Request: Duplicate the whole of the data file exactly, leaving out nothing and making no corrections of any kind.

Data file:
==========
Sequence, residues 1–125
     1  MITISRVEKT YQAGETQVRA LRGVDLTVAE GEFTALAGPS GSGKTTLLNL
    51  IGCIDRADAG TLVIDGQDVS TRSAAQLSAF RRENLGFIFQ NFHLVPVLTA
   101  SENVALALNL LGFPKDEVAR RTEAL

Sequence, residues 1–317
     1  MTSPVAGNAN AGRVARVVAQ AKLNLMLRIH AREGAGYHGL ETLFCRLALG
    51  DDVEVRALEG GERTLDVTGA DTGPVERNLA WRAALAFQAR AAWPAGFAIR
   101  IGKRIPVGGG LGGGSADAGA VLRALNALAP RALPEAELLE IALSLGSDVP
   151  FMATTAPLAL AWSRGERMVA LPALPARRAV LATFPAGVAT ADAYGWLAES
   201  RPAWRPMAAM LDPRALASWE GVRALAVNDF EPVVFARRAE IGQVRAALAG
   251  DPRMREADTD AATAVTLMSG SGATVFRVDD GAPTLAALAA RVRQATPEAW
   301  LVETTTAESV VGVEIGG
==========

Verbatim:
Sequence, residues 1–125
     1  MITISRVEKT YQAGETQVRA LRGVDLTVAE GEFTALAGPS GSGKTTLLNL
    51  IGCIDRADAG TLVIDGQDVS TRSAAQLSAF RRENLGFIFQ NFHLVPVLTA
   101  SENVALALNL LGFPKDEVAR RTEAL

Sequence, residues 1–317
     1  MTSPVAGNAN AGRVARVVAQ AKLNLMLRIH AREGAGYHGL ETLFCRLALG
    51  DDVEVRALEG GERTLDVTGA DTGPVERNLA WRAALAFQAR AAWPAGFAIR
   101  IGKRIPVGGG LGGGSADAGA VLRALNALAP RALPEAELLE IALSLGSDVP
   151  FMATTAPLAL AWSRGERMVA LPALPARRAV LATFPAGVAT ADAYGWLAES
   201  RPAWRPMAAM LDPRALASWE GVRALAVNDF EPVVFARRAE IGQVRAALAG
   251  DPRMREADTD AATAVTLMSG SGATVFRVDD GAPTLAALAA RVRQATPEAW
   301  LVETTTAESV VGVEIGG